Our theory of change sets out why the work we do matters, and how we’re going to get from where we are to where we need to be. Why is building a social mandate for climate action so important? We’re convinced we cannot tackle climate change without broad-based public engagement.
Responding to climate change requires accelerated action across society and around the world, by placing people at the heart of tackling this critical issue.
Technological advances as well as regulations, policies and laws are necessary for tackling climate change but these won’t work in the long term without the active engagement and buy-in of citizens. This informed consent for action is what’s known as a social mandate – and we believe it’s how real change happens.
There are three critical elements that combine to generate a social mandate for climate action: cross-societal concern, lack of polarisation and concern turned into action. Our mission is to help achieve these via three complementary approaches:
mobilising understanding of how to best engage key audiences with climate change actions and ensuring research drives significant impact.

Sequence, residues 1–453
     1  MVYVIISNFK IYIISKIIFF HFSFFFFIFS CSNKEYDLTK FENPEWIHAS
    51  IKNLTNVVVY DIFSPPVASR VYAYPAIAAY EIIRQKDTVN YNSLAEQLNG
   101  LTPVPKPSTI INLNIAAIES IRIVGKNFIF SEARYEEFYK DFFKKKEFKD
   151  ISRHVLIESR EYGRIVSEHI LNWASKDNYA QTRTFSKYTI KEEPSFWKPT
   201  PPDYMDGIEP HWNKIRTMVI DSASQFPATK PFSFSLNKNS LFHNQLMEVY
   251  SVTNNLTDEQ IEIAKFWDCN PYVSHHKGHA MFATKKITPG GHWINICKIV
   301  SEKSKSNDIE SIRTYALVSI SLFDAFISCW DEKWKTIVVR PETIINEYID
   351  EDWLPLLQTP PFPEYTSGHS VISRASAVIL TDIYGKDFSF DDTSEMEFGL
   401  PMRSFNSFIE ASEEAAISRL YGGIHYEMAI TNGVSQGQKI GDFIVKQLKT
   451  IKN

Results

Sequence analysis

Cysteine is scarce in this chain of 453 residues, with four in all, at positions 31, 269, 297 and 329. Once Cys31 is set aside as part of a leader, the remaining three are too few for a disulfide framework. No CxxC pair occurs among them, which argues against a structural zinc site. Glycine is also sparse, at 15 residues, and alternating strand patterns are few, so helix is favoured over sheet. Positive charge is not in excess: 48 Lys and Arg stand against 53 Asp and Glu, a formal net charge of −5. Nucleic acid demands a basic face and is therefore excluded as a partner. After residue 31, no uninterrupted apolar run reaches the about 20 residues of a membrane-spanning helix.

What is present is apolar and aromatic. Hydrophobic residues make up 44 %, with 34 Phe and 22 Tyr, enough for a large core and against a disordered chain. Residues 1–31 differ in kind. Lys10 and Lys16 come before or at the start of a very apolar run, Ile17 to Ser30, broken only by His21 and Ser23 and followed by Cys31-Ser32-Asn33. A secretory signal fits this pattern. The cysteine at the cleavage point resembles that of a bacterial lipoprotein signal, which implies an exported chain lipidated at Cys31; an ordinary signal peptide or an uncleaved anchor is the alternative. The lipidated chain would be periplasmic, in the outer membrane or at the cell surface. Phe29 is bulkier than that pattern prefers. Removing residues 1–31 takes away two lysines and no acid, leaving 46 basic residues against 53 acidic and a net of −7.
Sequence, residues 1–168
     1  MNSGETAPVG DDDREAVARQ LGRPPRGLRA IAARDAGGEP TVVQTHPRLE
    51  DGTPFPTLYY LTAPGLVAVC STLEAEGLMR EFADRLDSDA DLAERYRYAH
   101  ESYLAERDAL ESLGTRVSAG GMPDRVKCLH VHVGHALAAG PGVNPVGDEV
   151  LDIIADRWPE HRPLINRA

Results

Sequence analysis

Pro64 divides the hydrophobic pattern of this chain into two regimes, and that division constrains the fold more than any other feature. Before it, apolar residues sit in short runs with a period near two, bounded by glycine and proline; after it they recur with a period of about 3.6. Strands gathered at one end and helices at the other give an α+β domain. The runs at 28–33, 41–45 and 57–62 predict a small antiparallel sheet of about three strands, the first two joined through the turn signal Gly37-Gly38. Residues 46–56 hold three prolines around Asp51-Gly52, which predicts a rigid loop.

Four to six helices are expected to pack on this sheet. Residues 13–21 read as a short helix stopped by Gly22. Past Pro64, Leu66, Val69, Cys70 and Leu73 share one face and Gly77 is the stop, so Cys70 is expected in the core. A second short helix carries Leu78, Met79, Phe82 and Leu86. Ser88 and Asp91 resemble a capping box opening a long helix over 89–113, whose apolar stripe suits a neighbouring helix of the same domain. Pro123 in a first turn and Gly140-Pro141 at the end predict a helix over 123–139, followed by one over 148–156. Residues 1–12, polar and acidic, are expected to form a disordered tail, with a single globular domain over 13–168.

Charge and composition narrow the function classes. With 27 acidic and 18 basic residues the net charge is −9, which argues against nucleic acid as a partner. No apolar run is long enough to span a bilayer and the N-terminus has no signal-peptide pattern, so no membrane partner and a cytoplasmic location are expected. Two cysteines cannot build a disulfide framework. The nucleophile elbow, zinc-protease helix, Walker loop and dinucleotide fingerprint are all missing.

motivating a diverse range of communities through supporting communicators, organisations and trusted messengers to effectively engage key audiences through informed practices.
promoting the importance of informed public engagement to decision-makers, and the centrality of people-based approaches in successfully tackling climate change to governments, public bodies, civil society and funders.
How our work fits in the big picture can be summarised in the diagram below.
If you’d like to read more about our approach, we’d also recommend ‘Talking climate: from research to practice in public engagement’. In this book, our Director of Programmes and Research Dr Adam Corner and our Executive Director Jamie Clarke present our five principles for public engagement that will propel climate change conversation into the mainstream.
Reports & guides
Reports & guides
Book: Talking climate – from research to practice in public engagement
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